For short range wireless connections between devices, Bluetooth was developed.
The name comes from Harald 'Bluetooth' Gormsson, a king of Denmark and Norway around 980.
The logo for Bluetooth uses the Danish runes for his initials H (ᚼ) and B (ᛒ).


Bluetooth typically can link devices up to 30m under good conditions.
Common devices to link to a computer, tablet or mobile phone are:

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  • Headphones or earbuds
  • Earpiece and microphone for phone calls
  • External speakers
  • Selfie Stick
  • Fitness devices
  • Internet watches
  • Motor Vehicle
  • Printer
  • Mouse
  • Keyboard

Connecting with Bluetooth

A Bluetooth connection can be made between a controlling device (such as a mobile phone) and a 'slave' device, such as headphones.
The images below show how to set up Bluetooth to connect to other devices on an iPhone.

Using the Settings app on a mobile device, find the Bluetooth option (often it is with the WiFi option)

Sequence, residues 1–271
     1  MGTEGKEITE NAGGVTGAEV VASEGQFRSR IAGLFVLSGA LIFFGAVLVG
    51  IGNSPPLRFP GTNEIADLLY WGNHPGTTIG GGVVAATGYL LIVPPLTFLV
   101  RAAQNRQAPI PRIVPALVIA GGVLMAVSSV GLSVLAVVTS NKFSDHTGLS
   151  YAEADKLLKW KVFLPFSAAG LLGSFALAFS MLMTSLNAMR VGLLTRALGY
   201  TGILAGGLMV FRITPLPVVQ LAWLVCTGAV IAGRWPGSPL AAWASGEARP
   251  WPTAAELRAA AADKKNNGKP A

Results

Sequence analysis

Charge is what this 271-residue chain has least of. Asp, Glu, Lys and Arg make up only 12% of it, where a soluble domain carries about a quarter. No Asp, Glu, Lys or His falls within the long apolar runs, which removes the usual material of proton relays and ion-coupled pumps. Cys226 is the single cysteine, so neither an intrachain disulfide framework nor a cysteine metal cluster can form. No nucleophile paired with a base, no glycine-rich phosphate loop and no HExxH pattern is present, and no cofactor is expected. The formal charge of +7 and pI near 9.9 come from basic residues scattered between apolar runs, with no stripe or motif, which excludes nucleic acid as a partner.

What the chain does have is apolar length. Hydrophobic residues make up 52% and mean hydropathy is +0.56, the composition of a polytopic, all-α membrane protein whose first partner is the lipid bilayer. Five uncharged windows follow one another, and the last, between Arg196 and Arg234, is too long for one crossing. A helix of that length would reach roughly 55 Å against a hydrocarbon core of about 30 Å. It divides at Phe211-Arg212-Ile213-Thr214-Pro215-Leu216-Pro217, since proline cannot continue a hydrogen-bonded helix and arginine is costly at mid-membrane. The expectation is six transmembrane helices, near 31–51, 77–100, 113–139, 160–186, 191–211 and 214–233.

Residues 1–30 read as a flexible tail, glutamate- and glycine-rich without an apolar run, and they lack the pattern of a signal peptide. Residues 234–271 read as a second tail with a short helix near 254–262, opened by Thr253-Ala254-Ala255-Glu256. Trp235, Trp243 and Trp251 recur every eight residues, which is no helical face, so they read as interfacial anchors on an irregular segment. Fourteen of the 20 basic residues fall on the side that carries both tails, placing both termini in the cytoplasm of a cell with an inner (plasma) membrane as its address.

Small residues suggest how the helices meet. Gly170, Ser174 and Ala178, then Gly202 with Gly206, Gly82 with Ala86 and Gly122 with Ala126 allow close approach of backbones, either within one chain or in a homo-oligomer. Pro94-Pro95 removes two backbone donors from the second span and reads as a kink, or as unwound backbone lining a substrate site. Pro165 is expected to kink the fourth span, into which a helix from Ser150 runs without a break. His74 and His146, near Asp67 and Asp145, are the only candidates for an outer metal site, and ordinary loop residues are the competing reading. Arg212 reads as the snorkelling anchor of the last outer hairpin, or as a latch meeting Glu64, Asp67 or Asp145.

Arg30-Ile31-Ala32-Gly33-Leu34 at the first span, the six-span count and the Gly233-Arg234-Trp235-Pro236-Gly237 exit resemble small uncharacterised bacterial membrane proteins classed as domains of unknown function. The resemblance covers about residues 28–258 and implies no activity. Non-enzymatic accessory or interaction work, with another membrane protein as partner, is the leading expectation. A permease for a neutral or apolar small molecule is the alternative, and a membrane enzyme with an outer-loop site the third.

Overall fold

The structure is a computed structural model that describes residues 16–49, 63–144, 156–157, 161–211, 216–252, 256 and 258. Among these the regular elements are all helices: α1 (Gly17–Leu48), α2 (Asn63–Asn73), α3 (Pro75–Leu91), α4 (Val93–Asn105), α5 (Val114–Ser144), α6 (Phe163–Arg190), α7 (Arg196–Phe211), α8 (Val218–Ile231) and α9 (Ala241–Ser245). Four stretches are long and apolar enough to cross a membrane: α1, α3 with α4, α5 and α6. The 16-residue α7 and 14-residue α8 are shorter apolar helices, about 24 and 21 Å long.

Bluetooth in Settings, select Bluetooth and switch on

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  1. With the Bluetooth switched on, it should scan for a device to make a connection.
  2. Switch on your other device as a connection will NOT happen otherwise! (there may be an indication that the device is 'ready to pair'
  3. It may be that you also have an option to make your mobile device 'visible' to connecting devices. This option should also be on.
  4. Usually the name of the connecting device is listed on the screen of your mobile device and should be selected.
  5. The connection may be immediate or may require typing in of a device code to confirm the connection.

Showing previously connected devices and scanning for others


Showing a Bluetooth device connected


Once a connection is made it will continue until the device is turned off or the Bluetooth is disconnected.
Your mobile device should recognise a device if it was previously connected and switched on.

Bluetooth in a Motor Vehicle

In a motor vehicle there should be a specific menu item in the car for connecting a mobile phone by Bluetooth.
The mobile phone should be turned on as described above and the car controls set up to 'find' the phone.
Once connected, the motor vehicle can access the phone remotely so can make and take calls 'hands free'.
You will need to find the controls on the car to make and accept calls.
It is also possible to source streaming music on the phone to play in the car.
A 'hands free' set up is a legal means to access a phone while driving.
It does not provide the ability to text but may read a text that comes in.

The car should 'remember' the phone but the phone must have the Bluetooth turned on every time to connect with the car.

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